static {String => { => void } } m;
Then to resolve ambiguity the user will need to use full syntax:
{ String => { => void } } p = m(String); //references method.
{ String => { => void } } p = m; //references field.

Regards,
Kosta

Zdeněk Troníček said...

Hi Kosta,

1. private methods: you can access private instance methods, if they are accessable when you access them:

public class Visibility {
  private void printHi() {
    System.out.println("hi");
  }
  public static void main(String[] args) {
    Visibility v = new Visibility();
    { => void } p = v#printHi();
    p.invoke();
    { Visibility => void } pp = Visibility#printHi();
    pp.invoke(v);
  }
}

In such case, a bridge method is generated.

2. regarding your proposal: I believe this could have been done this way but the syntax would have been cumbersome. In my previous comments, I wanted to show you ambiguous examples. Not to prove that the references are not solvable using the syntax you propose. For example, following you syntax:

String String = "hi";
{ String => { => void } }
p = Simple2.m(String);

Is this a method reference or method invocation?

Konstantin Triger said...

Hi Zdenek,

Thanks for your reply.

1. private methods: thanks for clarification. Back to my original question:
class Base {
void printHi() {
System.out.println("hi base");
}
}

class Derived extends Base {
void printHi() {
System.out.println("hi derived");
}

void test() {
{ => void } p = super.printHi(); //is this somehow possible?
}

The question: can I create a reference to my super method bypassing the virtual chain?

2.
String String = "hi";
{ String => { => void } }
p = Simple2.m(String);

In this case it will be a method invocation.

To produce a method reference the user will need to write:
p = Simple2.m(java.lang.String); //or a simple 'p = Simple2.m'

And of course, I would not suggest name local variables after the class names and use Camel notation at least. IMHO any user coding this way will produce unclear code. (I would prohibit/warn during compilation about that, but this is another story.)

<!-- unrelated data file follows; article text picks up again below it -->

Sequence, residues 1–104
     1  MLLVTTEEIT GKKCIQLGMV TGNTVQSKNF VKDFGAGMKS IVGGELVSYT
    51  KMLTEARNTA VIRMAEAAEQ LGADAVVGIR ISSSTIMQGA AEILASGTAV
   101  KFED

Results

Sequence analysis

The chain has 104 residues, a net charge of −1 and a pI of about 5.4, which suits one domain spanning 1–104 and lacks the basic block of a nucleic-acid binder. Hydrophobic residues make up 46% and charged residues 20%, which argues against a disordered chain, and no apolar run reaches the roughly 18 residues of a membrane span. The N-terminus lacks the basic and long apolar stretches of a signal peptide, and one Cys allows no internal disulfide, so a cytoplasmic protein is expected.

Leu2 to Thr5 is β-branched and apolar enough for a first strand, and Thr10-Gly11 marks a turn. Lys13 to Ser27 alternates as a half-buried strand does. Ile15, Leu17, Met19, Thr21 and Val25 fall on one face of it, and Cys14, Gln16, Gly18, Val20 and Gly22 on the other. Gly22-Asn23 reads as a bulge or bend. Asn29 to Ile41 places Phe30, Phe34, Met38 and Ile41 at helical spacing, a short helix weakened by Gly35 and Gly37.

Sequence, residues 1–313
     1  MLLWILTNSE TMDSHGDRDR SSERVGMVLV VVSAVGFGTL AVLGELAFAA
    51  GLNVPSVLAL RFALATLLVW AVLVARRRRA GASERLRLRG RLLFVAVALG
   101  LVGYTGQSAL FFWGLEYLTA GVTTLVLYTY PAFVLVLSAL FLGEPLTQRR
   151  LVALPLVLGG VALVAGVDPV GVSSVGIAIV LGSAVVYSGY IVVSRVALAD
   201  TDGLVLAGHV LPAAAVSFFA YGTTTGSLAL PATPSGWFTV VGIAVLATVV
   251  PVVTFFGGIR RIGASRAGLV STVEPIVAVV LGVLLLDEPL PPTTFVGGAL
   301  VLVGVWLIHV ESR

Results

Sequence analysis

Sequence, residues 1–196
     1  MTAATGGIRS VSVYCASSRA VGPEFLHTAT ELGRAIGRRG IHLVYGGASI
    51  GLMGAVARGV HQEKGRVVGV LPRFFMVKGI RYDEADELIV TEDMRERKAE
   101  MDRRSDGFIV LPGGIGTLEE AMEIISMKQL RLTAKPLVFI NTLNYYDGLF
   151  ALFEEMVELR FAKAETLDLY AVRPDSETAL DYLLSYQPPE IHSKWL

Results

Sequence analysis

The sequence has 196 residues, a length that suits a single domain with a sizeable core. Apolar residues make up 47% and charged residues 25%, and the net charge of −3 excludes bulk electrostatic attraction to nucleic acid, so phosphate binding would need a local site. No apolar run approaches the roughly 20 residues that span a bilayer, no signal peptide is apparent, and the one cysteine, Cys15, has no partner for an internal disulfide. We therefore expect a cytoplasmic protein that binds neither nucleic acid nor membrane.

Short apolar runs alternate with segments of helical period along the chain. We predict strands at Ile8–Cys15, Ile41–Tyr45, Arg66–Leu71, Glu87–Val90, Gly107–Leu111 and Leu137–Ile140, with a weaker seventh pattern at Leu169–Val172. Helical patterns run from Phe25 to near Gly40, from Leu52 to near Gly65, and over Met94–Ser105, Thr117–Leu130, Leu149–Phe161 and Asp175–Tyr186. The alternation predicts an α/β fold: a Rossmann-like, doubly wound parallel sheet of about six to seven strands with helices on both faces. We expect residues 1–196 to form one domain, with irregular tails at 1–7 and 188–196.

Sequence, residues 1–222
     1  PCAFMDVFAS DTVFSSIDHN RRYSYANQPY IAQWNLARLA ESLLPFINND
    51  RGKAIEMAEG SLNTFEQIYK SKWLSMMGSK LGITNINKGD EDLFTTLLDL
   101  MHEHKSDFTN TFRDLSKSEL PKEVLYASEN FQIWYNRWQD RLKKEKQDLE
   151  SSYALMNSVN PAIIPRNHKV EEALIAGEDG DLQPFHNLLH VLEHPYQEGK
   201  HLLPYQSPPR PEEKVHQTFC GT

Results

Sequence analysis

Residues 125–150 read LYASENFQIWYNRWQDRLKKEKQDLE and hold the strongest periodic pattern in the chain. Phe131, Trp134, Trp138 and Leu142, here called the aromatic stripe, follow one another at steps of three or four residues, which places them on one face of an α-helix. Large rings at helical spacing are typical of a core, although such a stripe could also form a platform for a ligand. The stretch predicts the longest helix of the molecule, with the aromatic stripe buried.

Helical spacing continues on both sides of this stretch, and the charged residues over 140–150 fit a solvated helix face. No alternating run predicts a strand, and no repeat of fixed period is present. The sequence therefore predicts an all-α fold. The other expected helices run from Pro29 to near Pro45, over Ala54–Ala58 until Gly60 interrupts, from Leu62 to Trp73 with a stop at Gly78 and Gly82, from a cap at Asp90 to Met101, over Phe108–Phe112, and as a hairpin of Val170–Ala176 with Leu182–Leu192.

Regards,
Kosta
http://jaque.googlecode.com

Zdeněk Troníček said...

Hi Kosta,

1.void test() {
  { => void } p = super.printHi(); //is this somehow possible?
}


This is not possible. Do you have any use case?

2.p = Simple2.m(java.lang.String); //or a simple 'p = Simple2.m'


Ok. What if String was a class in default package?

p = Simple2.m - this is ambiguous, if there is attribute m in the Simple2 class. I know you suggest to use another syntax then. But it would have meant that Simple2.m would have refered to either a method or a field, based on that if there is a field m. And this is something I do not like.

Concerning the naming of local variables, we are not talking about guidelines how to write good code here! We are discussing the problems on the compiler level. And if one is allowed to name a variable 'String', the compiler must be able to process it.

Konstantin Triger said...

Hey Zdenek,

1. A general use case is alignment with an ability to reference private methods.
In addition, I know at least one person who used this feature, though in C#, see: http://dev.mainsoft.com/default.aspx?tabid=27&forumid=19&postid=2376&view=topic

2.
a. If String was in default package AND someone had a local variable named String, the statement would be resolved as a method invocation. To reference a method, the user will need to rename the variable.